Tuesday, April 12, 2005

An Entrepreneurial Spiritualism

The April/May issue of Boston Review has a fascinating essay by historian Gary B. Nash entitled, "Christ's Militia: How evangelical Protestantism came to dominate American religion." The essay explores what can be called a certain entrepreneurial spiritualism among three preachers raised on the margins of society in the half century after the revolution. Nash first delves into Richard Allen, a former slave, who, overcome with religious ecstasy, set out on foot to preach the gospel. By 26, "Allen became the Methodist preacher for free blacks in Philadelphia." Allen would go on to break from the white Methodist church and create his own church focused exclusively on blacks. Nash writes:
The creation of the first autonomous black Christian denomination was as significant for black Americans as Martin Luther's withdrawal from the Catholic Church was for his German followers 240 years earlier.
It was another example of early America's religious life being organized by the common folk, not clergy or theologians. Appropriately, Allen was keen on preaching Jesus' maxim concerning entrance into the Kingdom of Heaven: "The last shall be first and the first shall be last."

The second preacher Nash focuses on is Jarena Lee, a black woman born free. After hearing one of Richard Allen's sermons in her late teens, Ms. Lee heard a voice imploring her to "Go preach the Gospel." Unable to convince Allen to let her preach, she followed his advice and walked the countryside preaching to anyone that would listen. In 1819, back in Allen's church, she arose during a Sunday service as "words tumbled from her mouth"...as... "[t]he crowded church fell under the power of her words." Afterwards, Allen relented, opening the pulpit to her stirring words. According to Nash, her capturing of the pulpit would not occur in other denominations - whether black or white - until the 1970s and 80s.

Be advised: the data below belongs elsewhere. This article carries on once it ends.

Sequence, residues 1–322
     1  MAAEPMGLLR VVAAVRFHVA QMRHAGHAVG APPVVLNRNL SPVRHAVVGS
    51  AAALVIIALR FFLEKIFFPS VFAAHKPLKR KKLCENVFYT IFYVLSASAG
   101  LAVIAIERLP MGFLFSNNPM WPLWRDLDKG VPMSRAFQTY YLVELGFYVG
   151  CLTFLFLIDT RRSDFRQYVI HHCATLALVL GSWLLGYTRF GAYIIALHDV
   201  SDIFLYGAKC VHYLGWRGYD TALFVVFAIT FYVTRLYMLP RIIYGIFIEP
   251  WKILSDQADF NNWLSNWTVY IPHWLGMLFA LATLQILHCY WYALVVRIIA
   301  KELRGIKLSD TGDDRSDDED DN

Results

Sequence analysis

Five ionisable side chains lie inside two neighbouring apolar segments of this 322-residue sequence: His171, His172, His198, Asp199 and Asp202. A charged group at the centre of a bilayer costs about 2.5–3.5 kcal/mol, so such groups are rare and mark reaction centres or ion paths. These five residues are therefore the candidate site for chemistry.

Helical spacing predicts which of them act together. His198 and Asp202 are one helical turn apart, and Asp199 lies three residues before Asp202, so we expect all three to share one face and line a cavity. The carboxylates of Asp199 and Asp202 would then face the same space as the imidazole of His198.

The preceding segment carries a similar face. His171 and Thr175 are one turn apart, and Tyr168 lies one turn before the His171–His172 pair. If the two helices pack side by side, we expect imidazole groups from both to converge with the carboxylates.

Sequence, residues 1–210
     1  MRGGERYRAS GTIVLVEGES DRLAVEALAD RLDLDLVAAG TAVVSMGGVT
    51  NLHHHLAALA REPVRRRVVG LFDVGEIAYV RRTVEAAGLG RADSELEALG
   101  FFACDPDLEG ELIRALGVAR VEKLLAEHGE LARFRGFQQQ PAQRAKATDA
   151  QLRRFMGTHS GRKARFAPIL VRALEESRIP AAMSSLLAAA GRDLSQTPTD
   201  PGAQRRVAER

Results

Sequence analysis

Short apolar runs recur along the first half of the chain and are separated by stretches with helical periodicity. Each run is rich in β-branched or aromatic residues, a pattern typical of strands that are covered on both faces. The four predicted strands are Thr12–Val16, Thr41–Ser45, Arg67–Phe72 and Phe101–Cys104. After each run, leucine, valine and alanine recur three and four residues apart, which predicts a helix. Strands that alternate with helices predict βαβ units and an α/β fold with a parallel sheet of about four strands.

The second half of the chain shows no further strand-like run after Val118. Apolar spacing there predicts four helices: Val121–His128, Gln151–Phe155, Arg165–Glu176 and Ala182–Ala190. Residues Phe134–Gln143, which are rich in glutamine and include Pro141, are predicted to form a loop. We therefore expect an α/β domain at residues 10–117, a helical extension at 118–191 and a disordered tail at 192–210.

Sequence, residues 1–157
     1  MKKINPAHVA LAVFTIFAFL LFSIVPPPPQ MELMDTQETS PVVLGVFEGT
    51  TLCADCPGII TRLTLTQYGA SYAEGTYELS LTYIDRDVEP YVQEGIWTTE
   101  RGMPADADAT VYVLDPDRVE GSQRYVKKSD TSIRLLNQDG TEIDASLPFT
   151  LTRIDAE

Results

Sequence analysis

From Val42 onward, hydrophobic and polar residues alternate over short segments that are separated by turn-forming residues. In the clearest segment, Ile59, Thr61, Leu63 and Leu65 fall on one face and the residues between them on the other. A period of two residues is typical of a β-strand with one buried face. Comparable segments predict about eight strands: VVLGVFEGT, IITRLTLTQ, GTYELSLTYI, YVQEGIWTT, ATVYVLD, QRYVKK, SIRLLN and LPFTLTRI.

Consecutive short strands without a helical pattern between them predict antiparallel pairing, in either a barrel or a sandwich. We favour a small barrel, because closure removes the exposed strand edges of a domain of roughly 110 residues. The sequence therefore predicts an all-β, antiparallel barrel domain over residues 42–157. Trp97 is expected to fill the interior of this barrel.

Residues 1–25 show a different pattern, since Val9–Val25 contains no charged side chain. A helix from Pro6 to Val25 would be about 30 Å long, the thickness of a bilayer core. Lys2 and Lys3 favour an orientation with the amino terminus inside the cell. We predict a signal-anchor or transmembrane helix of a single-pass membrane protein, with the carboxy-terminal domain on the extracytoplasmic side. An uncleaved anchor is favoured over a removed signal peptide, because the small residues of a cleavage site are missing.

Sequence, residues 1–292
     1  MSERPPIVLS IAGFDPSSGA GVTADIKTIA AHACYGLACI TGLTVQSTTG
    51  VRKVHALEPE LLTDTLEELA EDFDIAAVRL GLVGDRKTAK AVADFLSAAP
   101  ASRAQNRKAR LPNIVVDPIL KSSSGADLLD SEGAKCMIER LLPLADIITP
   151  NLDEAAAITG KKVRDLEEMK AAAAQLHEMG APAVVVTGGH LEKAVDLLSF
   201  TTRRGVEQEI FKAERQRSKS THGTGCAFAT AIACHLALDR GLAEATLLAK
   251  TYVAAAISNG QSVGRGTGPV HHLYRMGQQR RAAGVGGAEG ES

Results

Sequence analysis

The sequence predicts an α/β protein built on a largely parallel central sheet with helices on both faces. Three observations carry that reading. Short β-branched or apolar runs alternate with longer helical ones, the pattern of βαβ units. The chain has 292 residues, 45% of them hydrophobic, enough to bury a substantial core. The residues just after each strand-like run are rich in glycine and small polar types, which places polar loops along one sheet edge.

The last preacher Nash describes is Lorenzo Dow, a poor New Englander that experienced his conversion at 16. Hitting the barriers of parent and preacher alike, Dow struck out on his own at 18 to preach the gospel truth as he perceived it. He was immensely popular, converting so many that the established Methodist church couldn't challenge his right to speak. His power laid:
...in his militant egalitarianism and his understanding of common people. He may have been crazy, but always he was the roving messenger of spiritual equality. In a country born in revolution and founded on the notion that all men are created equal, he warned that concentrated power and ill-gotten wealth were a great beast loose in America...He insisted that God made no distinctions between rich and poor—indeed that the rich were less likely to be heaven-bound than the dispossessed. He railed against tyranny, social pretension, aristocratic airs, the professions of law and medicine. He told common people that they were sovereign, that they must stand independent, that they must think for themselves, take matters into their own hands, and fight all those who were ever ready to oppress and exploit them.
The gospel to these preachers wasn't about dogma and orthodoxy, but about the individual's personal relationship with God, social justice, and liberation.Concepts today's religious right has no affiliation or allegiance to any longer, making them inimical to freedom of religion and democracy itself.